The stability of the individual memory cells of a volatile memory cell array is tested. It will be appreciated that this technology may be implemented in a variety of ways. In particular, memory testing logic may be implemented in hardware or software and may be utilized to test stand-alone or embedded memory devices. For example, in one embodiment of the invention, memory testing logic may be implemented in hardware as a built-in self-test (BIST) engine to test an embedded memory array on a system-on-a-chip. Although many of the examples described herein pertain to embedded memory devices, in alternative embodiments, memory testing logic may be implemented in an external testing circuit that connects to, and performs a memory test on, stand-alone memory devices. Similarly, an embodiment of the invention may be implemented as an external testing circuit that is utilized to perform testing operations on an embedded memory device, stand alone memory, or similar memory. Moreover, the memory devices may be tested during, or at any time after, the manufacturing process. In particular, the memory device may be tested by a BIST in the field, after the memory has been put into operation.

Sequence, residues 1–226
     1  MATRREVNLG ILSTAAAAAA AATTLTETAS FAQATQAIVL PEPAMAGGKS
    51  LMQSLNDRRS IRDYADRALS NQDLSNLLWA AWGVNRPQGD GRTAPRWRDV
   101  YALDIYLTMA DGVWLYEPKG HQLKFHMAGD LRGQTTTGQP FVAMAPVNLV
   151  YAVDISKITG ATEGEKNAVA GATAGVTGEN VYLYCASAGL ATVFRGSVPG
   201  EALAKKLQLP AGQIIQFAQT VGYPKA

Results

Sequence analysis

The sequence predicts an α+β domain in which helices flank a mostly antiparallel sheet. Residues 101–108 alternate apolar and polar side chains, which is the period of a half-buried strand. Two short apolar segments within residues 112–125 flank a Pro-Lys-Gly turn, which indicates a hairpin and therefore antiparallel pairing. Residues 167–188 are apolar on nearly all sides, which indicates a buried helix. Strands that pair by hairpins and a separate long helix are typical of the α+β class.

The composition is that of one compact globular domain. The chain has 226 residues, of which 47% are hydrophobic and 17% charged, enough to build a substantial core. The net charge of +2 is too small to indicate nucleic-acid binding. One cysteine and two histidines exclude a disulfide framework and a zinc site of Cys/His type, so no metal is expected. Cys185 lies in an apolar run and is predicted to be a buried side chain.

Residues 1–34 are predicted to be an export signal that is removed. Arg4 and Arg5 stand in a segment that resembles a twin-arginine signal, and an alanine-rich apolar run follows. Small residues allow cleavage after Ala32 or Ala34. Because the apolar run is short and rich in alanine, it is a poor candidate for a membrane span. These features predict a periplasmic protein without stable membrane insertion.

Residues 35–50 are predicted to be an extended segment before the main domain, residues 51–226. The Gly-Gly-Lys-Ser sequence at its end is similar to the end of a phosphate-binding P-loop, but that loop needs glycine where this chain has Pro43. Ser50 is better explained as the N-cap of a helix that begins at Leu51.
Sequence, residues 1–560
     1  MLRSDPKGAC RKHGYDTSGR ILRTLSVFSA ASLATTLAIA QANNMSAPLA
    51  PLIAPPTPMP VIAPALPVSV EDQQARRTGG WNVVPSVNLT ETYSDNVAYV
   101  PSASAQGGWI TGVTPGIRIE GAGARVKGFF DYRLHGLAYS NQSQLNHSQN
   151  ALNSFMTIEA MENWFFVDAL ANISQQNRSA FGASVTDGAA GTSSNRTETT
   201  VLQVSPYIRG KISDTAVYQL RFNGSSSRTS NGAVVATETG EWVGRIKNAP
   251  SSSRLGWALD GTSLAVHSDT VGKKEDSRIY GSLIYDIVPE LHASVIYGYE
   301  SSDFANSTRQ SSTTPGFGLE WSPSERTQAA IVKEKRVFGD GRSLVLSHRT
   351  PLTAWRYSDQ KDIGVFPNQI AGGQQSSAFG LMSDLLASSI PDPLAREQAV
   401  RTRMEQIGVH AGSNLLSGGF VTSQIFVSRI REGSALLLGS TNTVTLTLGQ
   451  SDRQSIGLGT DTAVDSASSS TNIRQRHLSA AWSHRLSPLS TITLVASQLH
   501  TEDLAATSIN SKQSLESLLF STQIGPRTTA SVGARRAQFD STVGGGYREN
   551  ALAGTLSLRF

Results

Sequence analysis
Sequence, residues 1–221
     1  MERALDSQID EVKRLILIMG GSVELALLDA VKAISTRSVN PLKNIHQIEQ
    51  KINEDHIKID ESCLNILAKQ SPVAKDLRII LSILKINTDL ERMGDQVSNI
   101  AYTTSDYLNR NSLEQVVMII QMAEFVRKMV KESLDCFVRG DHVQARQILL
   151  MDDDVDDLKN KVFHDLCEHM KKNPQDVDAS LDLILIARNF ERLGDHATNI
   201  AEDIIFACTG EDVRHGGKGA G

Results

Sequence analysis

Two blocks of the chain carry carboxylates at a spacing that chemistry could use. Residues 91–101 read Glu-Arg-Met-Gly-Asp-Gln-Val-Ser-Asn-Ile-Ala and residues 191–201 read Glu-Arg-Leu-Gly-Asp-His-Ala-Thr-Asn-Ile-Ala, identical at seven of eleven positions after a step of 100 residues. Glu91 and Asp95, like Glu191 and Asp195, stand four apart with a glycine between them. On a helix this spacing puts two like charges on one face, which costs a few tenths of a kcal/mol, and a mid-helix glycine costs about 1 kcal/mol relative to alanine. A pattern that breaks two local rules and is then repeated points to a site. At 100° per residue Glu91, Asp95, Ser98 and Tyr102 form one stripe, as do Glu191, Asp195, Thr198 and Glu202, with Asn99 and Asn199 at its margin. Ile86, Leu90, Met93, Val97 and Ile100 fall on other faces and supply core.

In one embodiment of the present invention, the memory device is tested at a clock frequency substantially equivalent to the maximum operating frequency of the memory device, thereby accelerating the testing of large SRAM memory cell arrays. In contrast, in a traditional data retention fault test, a particular memory cell is placed in a known state (e.g., by writing a logical “1” or “0” to that memory cell), and then after waiting a length of time sufficient for a data retention fault to occur, the state of the memory cell is verified (e.g., by reading the logical state) to determine whether the memory cell has retained its state. However, testing every single memory cell in a large memory array significantly adds to the manufacturing cost of an individual memory device because of the wait time involved. One advantage of the present invention is the time to test an entire array of memory cells is significantly reduced.